Rebuilding New York, New Jersey and Connecticut in the aftermath of Hurricane Sandy provides an opportunity to utilize green infrastructure, which not only protects water quality but also can guard against the costs and effects of future storms. According to an analysis by the World Resources Institute, reducing storm surge by maintaining wetlands costs $0.12/m3 versus $0.86/m3 ($0.47 per 1000 gal versus $3.24 per 1000 gal) using traditional methods, which includes storm drains.
U.S. Rep. Jose E. Serrano (D–N.Y.) and the U.S. Environmental Protection Agency (EPA) announced their support for using green infrastructure for storm protection. While the U.S. Federal Emergency Management Agency (FEMA) will fund the efforts, EPA has been granted funding and authority to ensure that infrastructure rebuilt following Sandy is safer and more resilient. The agency plans to work with FEMA, states, and the U.S. Department of Housing and Urban Development to make this a model for future disaster rebuilding efforts.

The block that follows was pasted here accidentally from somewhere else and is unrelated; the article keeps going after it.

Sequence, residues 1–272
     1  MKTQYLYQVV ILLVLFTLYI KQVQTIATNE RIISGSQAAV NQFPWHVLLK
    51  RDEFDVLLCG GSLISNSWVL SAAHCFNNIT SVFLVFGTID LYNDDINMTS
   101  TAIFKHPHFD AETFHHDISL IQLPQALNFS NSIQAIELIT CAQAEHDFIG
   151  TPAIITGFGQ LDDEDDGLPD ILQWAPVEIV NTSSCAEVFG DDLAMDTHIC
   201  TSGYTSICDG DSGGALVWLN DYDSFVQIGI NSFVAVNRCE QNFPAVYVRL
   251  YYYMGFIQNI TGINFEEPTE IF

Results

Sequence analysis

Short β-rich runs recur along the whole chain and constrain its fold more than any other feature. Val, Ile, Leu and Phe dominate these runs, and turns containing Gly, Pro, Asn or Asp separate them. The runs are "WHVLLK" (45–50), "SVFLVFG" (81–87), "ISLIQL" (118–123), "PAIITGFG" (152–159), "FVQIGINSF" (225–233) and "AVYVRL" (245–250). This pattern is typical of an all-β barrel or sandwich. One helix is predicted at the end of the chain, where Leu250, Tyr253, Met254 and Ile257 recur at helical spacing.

New York Gov. Andrew Cuomo also set up three commissions in November to prepare and equip New York state for future storm events. The New York State 2100 Commission will evaluate both long-term physical storm barriers and green infrastructure.